Game wardens, forest rangers team up to rescue hiker in 100-Mile Wilderness
A 33-year-old hiker from Ohio was airlifted from one of the most remote sections of the Appalachian Trail early on Sunday, July 27 after he was experiencing chest pains.
Game wardens received a call at approximately 7:15 a.m. that a hiker was experiencing chest pains at the Sidney Tappan campsite on the Appalachian trail, located between Gulf Hagas Mountain and West Peak. This campsite is located on the area known as the 100-Mile Wilderness, one of the more remote and difficult sections of the trail.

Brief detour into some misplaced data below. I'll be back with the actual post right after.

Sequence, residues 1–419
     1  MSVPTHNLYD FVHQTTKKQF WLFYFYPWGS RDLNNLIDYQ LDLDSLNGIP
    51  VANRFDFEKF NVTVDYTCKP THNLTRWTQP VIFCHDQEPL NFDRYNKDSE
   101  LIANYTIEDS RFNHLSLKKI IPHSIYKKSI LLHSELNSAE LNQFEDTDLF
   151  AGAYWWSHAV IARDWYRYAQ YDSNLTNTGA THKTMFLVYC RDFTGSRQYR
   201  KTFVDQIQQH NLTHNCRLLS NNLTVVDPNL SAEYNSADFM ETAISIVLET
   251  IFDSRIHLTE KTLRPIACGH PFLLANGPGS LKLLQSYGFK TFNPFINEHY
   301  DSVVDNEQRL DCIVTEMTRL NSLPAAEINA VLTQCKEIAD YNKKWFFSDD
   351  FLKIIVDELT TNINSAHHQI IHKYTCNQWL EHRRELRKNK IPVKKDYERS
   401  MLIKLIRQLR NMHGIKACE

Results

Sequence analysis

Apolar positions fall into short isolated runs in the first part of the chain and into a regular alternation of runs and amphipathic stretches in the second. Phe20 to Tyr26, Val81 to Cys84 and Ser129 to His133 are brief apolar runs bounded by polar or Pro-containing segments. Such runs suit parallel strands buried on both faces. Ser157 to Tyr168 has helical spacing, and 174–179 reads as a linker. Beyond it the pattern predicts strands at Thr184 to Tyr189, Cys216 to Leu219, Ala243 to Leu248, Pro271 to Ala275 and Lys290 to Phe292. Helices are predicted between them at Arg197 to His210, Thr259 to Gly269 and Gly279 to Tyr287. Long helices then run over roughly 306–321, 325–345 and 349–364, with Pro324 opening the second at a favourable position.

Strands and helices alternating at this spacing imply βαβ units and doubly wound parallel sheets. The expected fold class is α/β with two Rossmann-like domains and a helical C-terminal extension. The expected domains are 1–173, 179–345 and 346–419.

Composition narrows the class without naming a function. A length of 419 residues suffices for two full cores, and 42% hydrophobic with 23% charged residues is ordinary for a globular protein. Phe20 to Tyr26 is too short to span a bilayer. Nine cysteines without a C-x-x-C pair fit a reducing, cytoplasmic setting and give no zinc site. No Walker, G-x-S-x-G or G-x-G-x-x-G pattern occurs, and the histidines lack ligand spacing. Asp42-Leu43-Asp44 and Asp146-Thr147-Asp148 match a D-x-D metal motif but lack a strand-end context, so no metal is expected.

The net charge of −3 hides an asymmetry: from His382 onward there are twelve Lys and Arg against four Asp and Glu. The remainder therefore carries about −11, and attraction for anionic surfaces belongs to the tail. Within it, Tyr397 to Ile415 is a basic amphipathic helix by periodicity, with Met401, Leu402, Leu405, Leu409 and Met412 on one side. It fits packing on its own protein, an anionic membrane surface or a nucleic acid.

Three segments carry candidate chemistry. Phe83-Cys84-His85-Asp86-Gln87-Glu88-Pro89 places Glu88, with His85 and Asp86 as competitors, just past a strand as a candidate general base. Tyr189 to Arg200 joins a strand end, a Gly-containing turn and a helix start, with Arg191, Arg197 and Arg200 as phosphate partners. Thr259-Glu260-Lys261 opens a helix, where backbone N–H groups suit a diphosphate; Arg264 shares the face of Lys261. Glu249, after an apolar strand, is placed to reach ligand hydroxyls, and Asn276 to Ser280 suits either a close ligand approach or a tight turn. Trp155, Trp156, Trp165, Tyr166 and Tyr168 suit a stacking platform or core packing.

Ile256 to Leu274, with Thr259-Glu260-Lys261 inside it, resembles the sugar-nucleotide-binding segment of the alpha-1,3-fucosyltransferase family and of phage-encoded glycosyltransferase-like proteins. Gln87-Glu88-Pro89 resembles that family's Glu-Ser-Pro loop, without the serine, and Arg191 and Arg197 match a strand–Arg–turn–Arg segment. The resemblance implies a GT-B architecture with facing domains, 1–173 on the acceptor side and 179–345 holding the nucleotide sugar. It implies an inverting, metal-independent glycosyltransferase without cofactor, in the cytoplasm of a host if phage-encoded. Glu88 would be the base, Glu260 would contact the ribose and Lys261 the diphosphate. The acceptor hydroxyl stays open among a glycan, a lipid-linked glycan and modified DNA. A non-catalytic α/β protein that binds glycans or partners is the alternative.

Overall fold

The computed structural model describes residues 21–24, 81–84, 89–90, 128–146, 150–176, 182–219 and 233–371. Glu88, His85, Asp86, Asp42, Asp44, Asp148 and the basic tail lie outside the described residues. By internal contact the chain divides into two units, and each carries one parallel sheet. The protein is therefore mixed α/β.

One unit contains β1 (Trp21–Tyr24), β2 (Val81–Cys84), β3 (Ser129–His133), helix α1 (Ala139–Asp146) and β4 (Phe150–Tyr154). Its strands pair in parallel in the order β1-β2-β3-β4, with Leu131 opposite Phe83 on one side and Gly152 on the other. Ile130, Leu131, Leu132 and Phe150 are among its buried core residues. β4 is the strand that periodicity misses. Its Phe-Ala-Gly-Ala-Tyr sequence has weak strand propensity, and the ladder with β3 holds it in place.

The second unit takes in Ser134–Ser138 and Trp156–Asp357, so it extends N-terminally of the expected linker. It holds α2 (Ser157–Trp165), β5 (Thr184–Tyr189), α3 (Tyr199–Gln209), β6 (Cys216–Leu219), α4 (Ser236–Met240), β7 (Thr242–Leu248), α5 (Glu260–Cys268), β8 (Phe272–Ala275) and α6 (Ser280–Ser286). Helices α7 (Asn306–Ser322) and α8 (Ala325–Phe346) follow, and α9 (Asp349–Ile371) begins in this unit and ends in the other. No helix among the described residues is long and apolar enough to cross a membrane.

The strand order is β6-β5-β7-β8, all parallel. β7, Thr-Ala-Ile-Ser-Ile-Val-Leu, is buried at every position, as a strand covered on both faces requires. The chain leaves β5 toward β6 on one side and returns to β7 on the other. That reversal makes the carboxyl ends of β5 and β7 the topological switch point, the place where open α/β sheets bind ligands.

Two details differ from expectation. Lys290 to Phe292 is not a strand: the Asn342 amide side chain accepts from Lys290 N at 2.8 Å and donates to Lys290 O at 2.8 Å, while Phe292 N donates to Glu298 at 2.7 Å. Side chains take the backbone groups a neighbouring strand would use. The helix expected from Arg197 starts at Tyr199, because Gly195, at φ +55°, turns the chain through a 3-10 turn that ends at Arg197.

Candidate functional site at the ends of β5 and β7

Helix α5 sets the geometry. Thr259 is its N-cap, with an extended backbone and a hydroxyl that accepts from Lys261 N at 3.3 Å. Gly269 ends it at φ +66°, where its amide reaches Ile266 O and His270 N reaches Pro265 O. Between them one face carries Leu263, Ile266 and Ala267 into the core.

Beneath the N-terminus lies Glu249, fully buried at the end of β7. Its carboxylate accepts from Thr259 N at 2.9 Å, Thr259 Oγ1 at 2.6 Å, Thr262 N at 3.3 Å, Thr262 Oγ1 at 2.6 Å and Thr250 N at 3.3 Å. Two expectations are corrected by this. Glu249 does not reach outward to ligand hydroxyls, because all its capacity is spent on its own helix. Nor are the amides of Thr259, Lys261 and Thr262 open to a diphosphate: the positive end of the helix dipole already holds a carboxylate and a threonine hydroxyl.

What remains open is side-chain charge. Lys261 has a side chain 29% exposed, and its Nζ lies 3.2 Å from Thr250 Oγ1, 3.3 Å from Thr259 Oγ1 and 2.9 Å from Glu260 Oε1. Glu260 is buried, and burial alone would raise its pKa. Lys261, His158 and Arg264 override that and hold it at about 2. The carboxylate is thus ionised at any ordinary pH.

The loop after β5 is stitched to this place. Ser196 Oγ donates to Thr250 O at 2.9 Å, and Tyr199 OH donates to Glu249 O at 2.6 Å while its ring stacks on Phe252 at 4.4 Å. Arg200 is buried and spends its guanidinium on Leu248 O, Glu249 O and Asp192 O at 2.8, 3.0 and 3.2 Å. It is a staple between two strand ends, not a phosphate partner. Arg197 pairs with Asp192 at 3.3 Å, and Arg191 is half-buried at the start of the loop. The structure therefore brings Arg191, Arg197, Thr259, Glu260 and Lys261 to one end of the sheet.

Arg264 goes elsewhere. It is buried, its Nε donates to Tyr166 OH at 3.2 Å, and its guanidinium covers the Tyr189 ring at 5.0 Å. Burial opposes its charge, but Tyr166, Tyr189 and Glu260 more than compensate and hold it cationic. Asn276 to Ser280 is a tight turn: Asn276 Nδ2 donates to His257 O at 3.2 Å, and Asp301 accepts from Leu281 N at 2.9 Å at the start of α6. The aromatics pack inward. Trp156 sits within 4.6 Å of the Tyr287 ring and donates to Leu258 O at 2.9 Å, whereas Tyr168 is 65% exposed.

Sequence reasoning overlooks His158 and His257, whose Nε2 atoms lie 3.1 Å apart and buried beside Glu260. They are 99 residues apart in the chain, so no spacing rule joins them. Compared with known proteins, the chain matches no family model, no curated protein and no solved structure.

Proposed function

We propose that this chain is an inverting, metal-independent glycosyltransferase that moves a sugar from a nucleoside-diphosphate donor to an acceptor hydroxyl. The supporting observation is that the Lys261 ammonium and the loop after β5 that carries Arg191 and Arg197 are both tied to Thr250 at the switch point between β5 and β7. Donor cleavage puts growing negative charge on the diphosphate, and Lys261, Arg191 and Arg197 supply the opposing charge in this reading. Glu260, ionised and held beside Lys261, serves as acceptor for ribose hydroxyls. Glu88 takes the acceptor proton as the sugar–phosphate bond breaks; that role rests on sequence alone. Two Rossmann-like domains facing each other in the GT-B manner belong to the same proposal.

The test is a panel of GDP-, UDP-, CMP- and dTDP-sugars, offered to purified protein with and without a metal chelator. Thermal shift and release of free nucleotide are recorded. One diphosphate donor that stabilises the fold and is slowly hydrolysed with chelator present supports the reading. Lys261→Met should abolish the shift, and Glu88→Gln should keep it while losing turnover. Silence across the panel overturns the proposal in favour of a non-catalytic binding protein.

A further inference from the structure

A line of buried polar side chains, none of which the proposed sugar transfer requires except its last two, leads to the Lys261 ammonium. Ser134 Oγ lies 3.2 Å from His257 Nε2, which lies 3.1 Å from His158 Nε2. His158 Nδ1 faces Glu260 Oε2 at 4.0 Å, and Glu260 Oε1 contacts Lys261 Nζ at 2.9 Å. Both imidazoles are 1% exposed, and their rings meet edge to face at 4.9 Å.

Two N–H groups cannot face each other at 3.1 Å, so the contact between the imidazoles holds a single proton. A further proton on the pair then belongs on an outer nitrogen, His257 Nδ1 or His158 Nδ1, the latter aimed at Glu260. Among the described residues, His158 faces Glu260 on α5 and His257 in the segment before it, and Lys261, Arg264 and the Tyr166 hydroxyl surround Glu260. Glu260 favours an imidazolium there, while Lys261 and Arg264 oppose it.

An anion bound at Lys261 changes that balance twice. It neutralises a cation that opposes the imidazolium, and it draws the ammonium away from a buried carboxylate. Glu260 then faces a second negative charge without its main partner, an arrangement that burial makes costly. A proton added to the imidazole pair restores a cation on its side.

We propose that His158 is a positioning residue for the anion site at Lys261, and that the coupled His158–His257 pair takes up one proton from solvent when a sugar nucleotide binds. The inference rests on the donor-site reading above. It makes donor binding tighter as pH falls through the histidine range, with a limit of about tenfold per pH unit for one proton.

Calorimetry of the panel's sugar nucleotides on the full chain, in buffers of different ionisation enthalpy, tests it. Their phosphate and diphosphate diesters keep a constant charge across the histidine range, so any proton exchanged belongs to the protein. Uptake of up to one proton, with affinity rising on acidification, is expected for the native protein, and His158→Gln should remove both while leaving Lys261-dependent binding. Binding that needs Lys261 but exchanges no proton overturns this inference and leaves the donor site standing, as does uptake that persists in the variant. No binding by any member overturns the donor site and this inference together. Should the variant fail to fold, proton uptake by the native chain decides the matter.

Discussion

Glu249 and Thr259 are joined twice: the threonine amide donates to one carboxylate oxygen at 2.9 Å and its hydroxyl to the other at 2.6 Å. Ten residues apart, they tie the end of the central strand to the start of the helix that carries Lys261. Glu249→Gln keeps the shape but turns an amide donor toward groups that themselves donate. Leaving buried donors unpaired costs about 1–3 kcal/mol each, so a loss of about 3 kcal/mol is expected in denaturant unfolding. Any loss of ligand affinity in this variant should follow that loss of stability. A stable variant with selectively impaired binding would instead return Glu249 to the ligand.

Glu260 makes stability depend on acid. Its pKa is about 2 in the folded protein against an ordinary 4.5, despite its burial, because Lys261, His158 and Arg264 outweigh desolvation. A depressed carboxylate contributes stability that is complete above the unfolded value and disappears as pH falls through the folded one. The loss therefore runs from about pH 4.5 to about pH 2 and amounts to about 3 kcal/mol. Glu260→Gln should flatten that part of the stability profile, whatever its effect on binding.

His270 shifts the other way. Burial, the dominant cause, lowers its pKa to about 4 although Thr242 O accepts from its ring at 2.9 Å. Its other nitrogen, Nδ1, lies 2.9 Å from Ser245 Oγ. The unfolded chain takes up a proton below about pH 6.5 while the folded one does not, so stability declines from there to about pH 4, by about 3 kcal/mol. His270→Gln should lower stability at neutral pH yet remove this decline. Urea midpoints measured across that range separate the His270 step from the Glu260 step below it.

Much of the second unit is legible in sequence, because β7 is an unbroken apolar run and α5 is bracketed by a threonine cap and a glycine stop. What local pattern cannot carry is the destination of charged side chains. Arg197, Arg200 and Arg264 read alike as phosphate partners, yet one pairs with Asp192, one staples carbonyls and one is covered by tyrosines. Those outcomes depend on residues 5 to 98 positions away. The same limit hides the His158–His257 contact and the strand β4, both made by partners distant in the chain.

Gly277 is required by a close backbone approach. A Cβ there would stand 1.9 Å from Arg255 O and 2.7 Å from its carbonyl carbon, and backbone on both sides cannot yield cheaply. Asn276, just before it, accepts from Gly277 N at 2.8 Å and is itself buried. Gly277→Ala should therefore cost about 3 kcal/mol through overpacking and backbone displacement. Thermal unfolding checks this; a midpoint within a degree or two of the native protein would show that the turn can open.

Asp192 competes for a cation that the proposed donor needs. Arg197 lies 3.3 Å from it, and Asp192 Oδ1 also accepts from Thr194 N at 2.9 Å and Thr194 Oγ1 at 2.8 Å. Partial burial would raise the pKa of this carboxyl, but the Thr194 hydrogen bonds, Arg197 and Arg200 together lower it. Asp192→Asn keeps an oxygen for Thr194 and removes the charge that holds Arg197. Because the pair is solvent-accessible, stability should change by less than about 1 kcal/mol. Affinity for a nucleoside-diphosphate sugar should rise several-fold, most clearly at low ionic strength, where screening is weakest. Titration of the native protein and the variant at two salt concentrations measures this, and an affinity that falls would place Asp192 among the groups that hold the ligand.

Rescuers split into two groups in order to access the campsite from each side of the mountain. Game wardens were able to use an ATV to get within a half mile of the trail, then were able to hike into the campsite where they located the ill hiker. Once there, they were able to radio a Maine Forest Ranger Helicopter who then extricated the hiker from the trail, brought him to an awaiting ambulance, and then transported him to Northern Light CA Dean Hospital in Greenville.
Along with the Maine Warden Service and Maine Forest Rangers, Greenville Rescue, CA Dean Ambulance and an Appalachian Mountain Club employee assisted in the rescue.